Virgin Media Shorts Lucky 13 poster winner
Mia Frances Kennedy, a student at Central St Martins, has won the Virgin Media Shorts competition to design a poster for PJ, Tiny Planet Explorer, the Lucky 13th film nudged into this year's VMS shortlist by social media votes
For the 2012 Virgin Media Shorts contest for up-and-coming filmmakers, Creative Review commissioned illustrators from the Handsome Frank agency to create a poster for each of the 12 shortlisted films. In addition, VMS also ran an open contest to design a poster for the extra Lucky 13 film – the entry which was added to the original shortlist by dint of attracting the most social media votes. Here's the winning film:
Virgin Media creative director Adrian Spooner chose Mia Frances's design (shown top): "In my view, Mia’s fresh graphical work nailed the vibe of PJ’s film," he says. "A huge thank you to everyone who entered". Mia wins an iPad and her poster will be displayed at Picturehouse cinemas around the UK alongside the 12 commissioned by CR.
Since 2008, Virgin Media Shorts has been giving up-and-coming filmmakers a platform to show their work not just to leading figures in the industry but also to the general public. Each year, filmmakers are invited to upload two minute 20 second short films to the VMS website. Shortlisted films are shown across the Picturehouse network and other independent cinemas around the UK for a year.
In addition the films are also shown on Virgin Media's on-demand service and its Shorts TiVo and iPhone apps.
This year's panel of judges, including actor Julie Walters and director Phyllida Law, will choose one overall winner who will receive £30,000 to make their next film plus mentoring from the British Film Institute. The winner will be announced at an awards night at the BFI Southbank in London on November 8.
Handsome Frank's illustrators have given each of the shortlisted films its very own poster.
Alexandra Bruel’s poster is for A Brush With A Bee, directed by Joachim Malan and Katie Parnell, an animated film in which a struggling painter does battle with a bee to protect his final masterpiece from the insect’s tiny hands.
The poster for Little Larry, directed by Andrew Lee Potts, was created by Andrew Joyce. The film relates the tale of a mid-20s, professional, single man who still feels like a child inside.
Jennifer Sheridan’s Rocket features a small dog with big dreams – like building a spaceship in its front room. Poster by Helen Musselwhite in her trademark cut-paper style.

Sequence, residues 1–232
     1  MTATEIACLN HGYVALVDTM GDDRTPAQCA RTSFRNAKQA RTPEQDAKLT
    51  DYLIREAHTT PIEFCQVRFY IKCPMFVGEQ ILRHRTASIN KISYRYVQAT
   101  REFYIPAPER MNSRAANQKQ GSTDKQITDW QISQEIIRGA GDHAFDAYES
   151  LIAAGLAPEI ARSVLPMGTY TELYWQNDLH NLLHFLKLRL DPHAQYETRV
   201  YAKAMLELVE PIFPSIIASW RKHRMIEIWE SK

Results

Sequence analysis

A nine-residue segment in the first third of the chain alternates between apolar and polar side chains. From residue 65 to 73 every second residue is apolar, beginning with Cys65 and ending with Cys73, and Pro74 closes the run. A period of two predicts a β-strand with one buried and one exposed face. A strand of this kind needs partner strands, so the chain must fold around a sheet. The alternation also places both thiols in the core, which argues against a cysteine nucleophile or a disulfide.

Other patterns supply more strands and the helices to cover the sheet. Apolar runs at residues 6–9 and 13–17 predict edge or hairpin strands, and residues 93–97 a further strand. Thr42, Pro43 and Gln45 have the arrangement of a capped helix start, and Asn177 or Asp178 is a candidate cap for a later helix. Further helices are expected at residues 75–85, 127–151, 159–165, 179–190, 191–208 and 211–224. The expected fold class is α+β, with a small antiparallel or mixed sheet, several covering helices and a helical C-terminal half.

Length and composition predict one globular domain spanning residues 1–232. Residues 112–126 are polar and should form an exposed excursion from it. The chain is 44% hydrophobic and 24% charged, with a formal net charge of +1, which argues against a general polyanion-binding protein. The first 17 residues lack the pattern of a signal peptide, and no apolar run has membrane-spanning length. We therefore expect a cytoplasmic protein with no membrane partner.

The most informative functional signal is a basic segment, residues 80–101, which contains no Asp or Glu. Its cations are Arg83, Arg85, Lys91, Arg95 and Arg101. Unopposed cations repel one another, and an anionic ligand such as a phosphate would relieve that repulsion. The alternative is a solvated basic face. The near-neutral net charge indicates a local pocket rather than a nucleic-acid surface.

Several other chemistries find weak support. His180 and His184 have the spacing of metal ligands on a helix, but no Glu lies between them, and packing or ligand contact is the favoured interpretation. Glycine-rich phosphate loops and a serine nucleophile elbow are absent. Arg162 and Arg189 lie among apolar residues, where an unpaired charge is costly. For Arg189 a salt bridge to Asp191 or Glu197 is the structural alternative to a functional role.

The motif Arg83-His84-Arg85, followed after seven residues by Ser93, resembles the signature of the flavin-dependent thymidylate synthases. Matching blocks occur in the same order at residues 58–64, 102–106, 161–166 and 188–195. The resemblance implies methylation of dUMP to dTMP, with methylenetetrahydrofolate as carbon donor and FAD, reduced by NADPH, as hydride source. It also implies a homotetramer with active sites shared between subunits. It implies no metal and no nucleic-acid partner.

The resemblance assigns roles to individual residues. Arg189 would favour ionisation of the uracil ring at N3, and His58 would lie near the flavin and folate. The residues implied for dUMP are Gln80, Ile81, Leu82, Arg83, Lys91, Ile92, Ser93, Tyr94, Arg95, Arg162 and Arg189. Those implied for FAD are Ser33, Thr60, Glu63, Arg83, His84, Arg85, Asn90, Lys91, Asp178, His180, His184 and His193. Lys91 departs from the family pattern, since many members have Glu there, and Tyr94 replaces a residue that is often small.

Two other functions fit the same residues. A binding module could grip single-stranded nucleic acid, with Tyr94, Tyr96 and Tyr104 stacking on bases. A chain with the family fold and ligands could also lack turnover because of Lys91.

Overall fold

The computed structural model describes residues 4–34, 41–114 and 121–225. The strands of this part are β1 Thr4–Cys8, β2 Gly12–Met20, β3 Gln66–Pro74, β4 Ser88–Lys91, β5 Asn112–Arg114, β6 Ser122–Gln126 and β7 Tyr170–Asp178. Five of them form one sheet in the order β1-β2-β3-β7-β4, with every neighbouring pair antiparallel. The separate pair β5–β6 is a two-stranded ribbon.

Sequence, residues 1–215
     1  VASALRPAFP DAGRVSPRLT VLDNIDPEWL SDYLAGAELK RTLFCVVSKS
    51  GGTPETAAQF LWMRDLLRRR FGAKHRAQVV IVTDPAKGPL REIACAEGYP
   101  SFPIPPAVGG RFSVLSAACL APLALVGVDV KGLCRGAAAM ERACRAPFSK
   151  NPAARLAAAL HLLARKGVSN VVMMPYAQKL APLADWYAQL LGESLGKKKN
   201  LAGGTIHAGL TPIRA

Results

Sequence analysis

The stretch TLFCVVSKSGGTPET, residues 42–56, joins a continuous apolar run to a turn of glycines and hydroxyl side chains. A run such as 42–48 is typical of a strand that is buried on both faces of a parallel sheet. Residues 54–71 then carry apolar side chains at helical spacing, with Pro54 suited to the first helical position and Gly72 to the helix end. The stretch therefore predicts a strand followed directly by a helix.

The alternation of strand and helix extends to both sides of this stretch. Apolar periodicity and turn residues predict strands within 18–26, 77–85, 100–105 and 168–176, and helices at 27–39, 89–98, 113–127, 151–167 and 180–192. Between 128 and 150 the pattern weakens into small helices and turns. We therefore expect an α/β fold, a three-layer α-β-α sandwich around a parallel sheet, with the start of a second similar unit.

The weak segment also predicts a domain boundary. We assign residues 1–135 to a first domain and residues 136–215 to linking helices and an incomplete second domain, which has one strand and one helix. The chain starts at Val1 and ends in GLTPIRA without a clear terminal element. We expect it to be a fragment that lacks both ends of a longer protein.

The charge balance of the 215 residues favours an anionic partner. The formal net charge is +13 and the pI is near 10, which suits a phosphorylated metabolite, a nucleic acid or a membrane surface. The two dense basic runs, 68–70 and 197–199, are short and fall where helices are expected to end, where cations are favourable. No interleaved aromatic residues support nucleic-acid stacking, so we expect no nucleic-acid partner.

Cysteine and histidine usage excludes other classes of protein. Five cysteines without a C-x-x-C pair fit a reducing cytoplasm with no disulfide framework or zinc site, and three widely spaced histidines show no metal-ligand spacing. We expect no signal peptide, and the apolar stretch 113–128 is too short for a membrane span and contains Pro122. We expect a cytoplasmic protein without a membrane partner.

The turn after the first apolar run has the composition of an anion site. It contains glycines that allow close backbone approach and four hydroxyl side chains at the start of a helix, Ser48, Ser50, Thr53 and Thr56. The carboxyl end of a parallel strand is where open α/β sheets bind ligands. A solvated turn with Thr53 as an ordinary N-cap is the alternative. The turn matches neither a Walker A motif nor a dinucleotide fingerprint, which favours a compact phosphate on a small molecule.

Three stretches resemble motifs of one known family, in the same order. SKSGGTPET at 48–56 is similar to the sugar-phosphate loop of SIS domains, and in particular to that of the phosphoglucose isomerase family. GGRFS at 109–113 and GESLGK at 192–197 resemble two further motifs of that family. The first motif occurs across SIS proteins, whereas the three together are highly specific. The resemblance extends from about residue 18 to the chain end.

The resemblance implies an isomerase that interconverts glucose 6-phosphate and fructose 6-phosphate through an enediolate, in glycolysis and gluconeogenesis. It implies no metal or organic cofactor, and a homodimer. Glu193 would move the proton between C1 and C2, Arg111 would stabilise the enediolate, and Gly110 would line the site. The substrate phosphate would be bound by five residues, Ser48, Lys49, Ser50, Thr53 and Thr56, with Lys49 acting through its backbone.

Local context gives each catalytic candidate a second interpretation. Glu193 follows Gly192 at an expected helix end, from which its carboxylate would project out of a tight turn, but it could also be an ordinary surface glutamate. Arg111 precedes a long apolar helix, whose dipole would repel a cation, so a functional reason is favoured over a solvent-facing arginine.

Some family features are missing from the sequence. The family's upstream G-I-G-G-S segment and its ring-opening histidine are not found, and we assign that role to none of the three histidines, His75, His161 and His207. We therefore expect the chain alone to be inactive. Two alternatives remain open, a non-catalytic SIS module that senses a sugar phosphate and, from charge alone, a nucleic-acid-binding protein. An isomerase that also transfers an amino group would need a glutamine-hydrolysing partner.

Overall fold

Andrew Joyce illustrated the poster for Super Fast Samosa, the story of the gingerbread man reimagined Bollywood style by director Sundeep Toor.
Dan Castella’s Mourning Rules features June, a professional mourner, who attempts to teach her sister Izzy the tricks of the trade. Andrew Lyons created the accompanying poster
In Man Up, directed by Carolina Giammetta, three men sneak off to the pub to discuss their ploys for ‘handling’ women. Emma Kelly designed the poster.
In Amanda Boyle’s film, Skirt, a modern day Odd Couple first annoy, then charm each other in a tale of opposites, with a poster illustrated by Jeffrey Bowman.
Jonathan Burton designed the poster for The Best Medicine, directed by Dan Smith. A sinister chemist helps a girl deal with her annoying laugh. Or not.
Not with a bang but a whimper, Thomas Guerrier’s The Plotters tells the tale of the Gunpowder Plot as might have been. Matt Murphy illustrated the poster.
Sarah Maycock created the poster for Without Saying, directed by Paul Dingwall, in her trademark watercolour style. The film is a touching tale of a boy struggling to express his love.
Alice Seabright’s Dream Girl features an unexpected encounter on an early morning journey on the Paris Metro. Poster by Stephen Cheetham.
Sprockett, directed by Hazel Meeks, tells the story of a group of kids who dare one of them to go inside the workshop of Old Man Sprockett. Design: Tim McDonagh.
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CR in Print
In our October print issue we have a major feature on the rise of Riso printing, celebrate the art of signwriting, examine the credentials of 'Goodvertising' and look back at the birth of D&AD. Rebecca Lynch reviews the Book of Books, a survey of 500 years of book design, Jeremy Leslie explains how the daily London 2012 magazine delivered all the news and stories of the Games and Michael Evamy explores website emblemetric.com, offering "data-driven insights into logo design". In addition to the issue this month, subscribers will receive a special 36-page supplement sponsored by Tag celebrating D&AD's 50th with details of all those honoured with Lifetime Achievement awards plus pieces on this year's Black Pencil and President's Award-winners Derek Birdsall and Dan Wieden. And subscribers also receive Monograph which this month features Rian Hughes' photographs of the unique lettering and illustration styles of British fairgrounds
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